Left to right, you see a mahogany board, some of its former pieces, and their future state: André Roubo bookstands, named for him because they are featured in his published work.
After crosscutting enough length of mahogany for two stands, a dado is cut to allow room for a bandsaw blade to get into the middle of the board. Purists might be apalled at my using a bandsaw to resaw these, but I have one, and I don't have a bow saw. Unfortunately, my router is finnecky in the cold... so perhaps the purists will be appeased by my using a rabbet plane.
A holdfast holds a fence square to the board's edge while the dado begins.
The dado deepens, enough for the plane to track without the fence.
At the other end, a tenon saw carefully provides a crosscut to the center of the board.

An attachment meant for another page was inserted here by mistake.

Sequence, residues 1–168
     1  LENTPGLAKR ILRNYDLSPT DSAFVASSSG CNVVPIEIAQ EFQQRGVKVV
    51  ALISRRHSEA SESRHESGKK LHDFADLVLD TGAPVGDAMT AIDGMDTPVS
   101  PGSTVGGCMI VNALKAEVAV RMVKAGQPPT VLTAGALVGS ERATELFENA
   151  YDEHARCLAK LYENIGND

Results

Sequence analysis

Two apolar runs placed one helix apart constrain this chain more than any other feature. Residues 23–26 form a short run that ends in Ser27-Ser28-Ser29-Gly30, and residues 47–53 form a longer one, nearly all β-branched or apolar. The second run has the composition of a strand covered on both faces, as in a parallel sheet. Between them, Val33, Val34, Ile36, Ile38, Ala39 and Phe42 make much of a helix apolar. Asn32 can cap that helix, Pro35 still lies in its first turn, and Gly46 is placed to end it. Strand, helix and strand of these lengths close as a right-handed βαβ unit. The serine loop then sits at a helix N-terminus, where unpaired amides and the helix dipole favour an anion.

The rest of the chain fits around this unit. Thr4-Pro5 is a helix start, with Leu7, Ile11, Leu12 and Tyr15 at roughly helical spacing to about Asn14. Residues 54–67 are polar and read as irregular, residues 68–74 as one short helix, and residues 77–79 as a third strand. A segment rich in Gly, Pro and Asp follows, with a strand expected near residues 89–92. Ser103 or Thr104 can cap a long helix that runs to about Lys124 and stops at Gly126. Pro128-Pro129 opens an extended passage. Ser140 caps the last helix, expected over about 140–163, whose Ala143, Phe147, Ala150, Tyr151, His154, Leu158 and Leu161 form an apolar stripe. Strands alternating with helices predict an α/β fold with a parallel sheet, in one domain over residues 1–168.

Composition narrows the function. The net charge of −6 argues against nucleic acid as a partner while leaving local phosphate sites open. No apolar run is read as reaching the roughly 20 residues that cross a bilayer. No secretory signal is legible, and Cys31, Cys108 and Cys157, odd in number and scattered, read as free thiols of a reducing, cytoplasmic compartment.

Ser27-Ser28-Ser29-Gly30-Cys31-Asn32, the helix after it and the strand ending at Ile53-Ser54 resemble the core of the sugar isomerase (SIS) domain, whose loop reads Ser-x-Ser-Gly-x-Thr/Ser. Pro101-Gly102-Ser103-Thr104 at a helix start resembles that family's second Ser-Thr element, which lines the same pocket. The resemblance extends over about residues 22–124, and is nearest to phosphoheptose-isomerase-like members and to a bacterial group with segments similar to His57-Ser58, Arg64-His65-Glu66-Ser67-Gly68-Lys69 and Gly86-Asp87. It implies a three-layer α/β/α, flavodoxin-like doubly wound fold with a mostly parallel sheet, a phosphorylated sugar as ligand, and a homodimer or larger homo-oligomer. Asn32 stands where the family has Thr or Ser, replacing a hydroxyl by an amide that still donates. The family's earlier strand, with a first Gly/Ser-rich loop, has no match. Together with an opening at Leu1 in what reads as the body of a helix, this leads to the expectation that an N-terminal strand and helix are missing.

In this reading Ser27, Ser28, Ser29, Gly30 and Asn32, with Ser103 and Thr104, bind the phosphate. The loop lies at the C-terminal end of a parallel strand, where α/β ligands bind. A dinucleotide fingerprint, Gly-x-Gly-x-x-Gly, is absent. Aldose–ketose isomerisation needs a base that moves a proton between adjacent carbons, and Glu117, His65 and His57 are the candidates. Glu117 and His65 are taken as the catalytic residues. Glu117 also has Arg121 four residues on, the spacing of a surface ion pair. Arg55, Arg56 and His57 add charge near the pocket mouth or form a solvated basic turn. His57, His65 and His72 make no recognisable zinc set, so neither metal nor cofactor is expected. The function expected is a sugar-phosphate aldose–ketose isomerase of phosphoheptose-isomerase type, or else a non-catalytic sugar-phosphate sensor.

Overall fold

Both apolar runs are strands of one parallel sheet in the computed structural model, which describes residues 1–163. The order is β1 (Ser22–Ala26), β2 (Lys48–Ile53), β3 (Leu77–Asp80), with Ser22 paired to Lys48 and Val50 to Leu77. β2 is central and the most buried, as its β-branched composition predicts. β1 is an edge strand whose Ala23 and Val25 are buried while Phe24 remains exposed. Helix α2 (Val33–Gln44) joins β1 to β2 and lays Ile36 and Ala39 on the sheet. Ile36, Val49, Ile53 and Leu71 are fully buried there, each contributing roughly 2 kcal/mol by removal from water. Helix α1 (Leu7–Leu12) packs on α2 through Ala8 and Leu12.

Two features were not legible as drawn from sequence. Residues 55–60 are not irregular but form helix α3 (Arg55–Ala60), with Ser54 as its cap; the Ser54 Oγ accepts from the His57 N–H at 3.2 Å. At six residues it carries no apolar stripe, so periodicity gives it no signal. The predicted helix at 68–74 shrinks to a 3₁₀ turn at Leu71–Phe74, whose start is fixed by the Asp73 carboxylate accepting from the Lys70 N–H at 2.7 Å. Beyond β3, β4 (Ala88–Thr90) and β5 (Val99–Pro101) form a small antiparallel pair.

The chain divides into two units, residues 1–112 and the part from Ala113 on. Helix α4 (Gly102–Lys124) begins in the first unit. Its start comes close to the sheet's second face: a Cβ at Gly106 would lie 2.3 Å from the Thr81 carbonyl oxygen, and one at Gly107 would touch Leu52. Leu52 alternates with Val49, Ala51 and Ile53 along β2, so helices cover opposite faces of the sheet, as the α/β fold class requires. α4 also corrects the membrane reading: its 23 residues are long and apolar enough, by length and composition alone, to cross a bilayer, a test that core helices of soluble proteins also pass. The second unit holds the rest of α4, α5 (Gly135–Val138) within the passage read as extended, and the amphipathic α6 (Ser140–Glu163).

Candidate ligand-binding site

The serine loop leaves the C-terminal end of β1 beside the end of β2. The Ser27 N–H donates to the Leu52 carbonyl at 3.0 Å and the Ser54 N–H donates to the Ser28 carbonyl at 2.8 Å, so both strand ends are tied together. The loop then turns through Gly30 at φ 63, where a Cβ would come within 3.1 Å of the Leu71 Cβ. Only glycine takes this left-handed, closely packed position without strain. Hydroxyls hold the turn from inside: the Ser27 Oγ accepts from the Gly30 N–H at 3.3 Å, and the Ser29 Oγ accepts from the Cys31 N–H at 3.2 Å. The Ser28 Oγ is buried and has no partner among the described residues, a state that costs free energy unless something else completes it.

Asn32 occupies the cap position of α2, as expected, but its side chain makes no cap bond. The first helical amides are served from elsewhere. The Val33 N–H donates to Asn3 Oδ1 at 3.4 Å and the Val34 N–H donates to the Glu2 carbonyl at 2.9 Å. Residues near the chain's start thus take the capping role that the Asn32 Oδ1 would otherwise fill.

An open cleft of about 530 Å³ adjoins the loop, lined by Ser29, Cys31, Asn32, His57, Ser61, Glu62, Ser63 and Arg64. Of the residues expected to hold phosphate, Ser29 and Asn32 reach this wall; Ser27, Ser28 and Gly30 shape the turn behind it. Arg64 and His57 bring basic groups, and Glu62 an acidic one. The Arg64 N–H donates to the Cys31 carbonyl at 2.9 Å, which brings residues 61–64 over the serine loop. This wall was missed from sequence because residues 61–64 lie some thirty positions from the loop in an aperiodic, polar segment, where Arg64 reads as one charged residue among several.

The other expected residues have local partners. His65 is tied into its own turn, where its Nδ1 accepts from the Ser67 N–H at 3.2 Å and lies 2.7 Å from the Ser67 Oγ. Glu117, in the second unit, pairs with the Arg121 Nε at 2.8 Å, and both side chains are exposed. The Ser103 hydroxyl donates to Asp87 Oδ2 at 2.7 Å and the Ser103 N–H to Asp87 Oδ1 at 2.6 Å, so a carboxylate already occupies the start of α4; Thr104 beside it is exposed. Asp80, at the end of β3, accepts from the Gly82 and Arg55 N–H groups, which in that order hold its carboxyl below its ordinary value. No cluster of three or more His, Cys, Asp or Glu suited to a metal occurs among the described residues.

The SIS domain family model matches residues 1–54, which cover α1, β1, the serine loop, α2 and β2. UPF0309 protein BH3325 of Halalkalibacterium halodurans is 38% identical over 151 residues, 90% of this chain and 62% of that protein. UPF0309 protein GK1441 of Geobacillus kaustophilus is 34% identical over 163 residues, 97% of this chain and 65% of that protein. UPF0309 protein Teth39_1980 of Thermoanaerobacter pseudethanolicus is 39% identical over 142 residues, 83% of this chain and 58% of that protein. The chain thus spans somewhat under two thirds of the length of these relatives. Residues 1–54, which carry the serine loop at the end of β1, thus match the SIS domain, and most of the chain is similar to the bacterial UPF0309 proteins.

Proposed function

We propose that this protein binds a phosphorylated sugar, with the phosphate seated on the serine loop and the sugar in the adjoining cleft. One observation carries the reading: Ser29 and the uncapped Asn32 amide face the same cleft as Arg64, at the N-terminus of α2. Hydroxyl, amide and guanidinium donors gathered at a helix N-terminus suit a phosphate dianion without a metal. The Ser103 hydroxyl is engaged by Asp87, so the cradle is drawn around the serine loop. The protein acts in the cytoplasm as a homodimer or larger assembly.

After resawing on the bandsaw, the two pieces separate, ready for carving. Andre Roubo advocates always making two of these stands at a time in this fashion, so as to avoid wasting precious hardwood that would otherwise be cut off when forming the front.
After marking the center of the hinge on all four sides, I use a compass to mark a circle with the diameter of the board's thickness.
I mark the edges of the circle square to the faces, and carry that line across the faces. The circle will guide the carving of the hinge.
I use the compass as a divider to mark seven equal sections across each face. An odd number is important.
A square helps keep the sections even and accurate.
Marking the sections to be chiseled out is also important; make sure the outside continuous section goes from front to back as it goes from bottom to top.
The purists will be apalled again as my shopsmith drillpresses out holes to allow a pinned coping saw blade in there.
The coping saw works thusly, separating the sections.
Then begins the chiseling. Start from in front of the shoulder line, and work up to it.
The chiseling is a straightforward subtractive process. Enough for tonight, completion hopefully tomorrow.